A caterpillar bites into a single tomato plant and an entire field becomes a little deadlier.

It’s easy to underestimate what plants can do. They’re not just passive victims of animal attacks, in need of rescue through barriers and pesticides. They can produce defensive toxins to poison the creatures that try to eat them; the natural pesticides in our food far outnumber the synthetic ones we spray on them. They can also communicate with each other by releasing alarm chemicals into the air. Some of these attract parasites that kill the leaf-eating pests. Others tell neighbouring plants to start upping their own defences.

But the tomato does something different. It releases an airborne chemical that works not as an alarm, but as an ingredient. Other tomatoes can grab the substance from the air, and convert it into a toxin within their own tissues. They can turn an odour into a chemical weapon.

Koichi Sugimoto from Yamaguchi University discovered this trick after unleashing the common cutworm—a moth caterpillar—on potted tomato plants. Tomatoes can usually kill around 30 percent of these pests on their own. But Sugimoto showed that their defences become stronger if they sit downwind of other tomatoes that face a cutworm assault. If they detect the whiff of infested neighbours, they can kill almost 50 percent of their own cutworms.

This ability is the result of a single chemical called HexVic. Compared to naive tomatoes, those that are exposed to infested plants have 24 times more HexVic in their tissues, and this is one of the only substances to distinguish the two groups.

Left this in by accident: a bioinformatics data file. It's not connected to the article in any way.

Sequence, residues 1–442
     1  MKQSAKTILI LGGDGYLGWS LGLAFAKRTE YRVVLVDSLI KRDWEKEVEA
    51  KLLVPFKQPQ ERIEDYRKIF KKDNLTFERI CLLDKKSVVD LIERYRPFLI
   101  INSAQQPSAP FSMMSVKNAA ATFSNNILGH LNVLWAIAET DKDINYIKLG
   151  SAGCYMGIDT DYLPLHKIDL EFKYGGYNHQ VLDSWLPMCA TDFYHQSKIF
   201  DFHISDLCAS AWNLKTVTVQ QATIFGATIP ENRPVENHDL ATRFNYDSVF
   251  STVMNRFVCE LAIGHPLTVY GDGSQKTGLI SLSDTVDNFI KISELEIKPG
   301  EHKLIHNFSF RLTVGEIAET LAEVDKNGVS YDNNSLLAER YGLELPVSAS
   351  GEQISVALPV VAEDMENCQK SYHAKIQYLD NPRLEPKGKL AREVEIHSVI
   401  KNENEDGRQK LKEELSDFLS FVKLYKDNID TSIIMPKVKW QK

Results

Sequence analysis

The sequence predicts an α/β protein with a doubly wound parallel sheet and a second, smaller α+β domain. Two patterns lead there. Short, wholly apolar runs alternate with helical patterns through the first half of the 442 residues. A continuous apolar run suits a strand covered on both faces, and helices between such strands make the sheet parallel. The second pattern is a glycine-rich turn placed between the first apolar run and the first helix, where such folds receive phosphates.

You might assume that the tomatoes make their own HexVic, after detecting an alarm chemical released by their infested peers. That’s partly true; they do make their own, but not from scratch. Their stockpile depends entirely on an ingredient called (Z)-3-hexenol, which is released by the infested plants.

Sugimoto’s team proved this by spraying tomatoes with a slightly radioactive version of (Z)-3-hexenol. The plants amassed lots of radioactive Hexvic but none of the normal kind. They were clearly building the substance from (Z)-3-hexenol in the air, rather than making it themselves.

There are many examples of animals that steal poisons from their prey, like the sea slug Glaucus which nicks the stings of jellyfish, or the tiger keelback snake that pilfers poisons from the toads it eats. But the tomatoes are doing something very different—they’re equipping each other with the building blocks of weapons. They’re like soldiers who react to enemy fire by throwing gun parts and bullets to their squadmates.

How does this defence play out in nature? Sugimoto’s team made a preliminary stab at answering this question by planting 16 tomato plants in a field outside their university. As in the lab, the tomatoes built up more HexVic if they were exposed to infested plants.

But how exactly do they convert (Z)-3-hexenol into Hexvic? And since many plants release (Z)-3-hexenol when they’re damaged by plant-eaters, do other species rely on the same defence? Could tomatoes grab chemical from other plants to build their toxic stockpiles?

Reference: Sugimoto, Matsui, Iijima, Akakabe, Muramoto, Ozawa, Uefune, Sasaki, Alamgir, Akitake, Nobuke, Galis, Aoki, Shibata & Takabayashi. 2014. Intake and transformation to a glycoside of (Z)-3-hexenol from infested neighbors reveals a mode of plant odor reception and defense. PNAS http://doi/10.1073/pnas.1320660111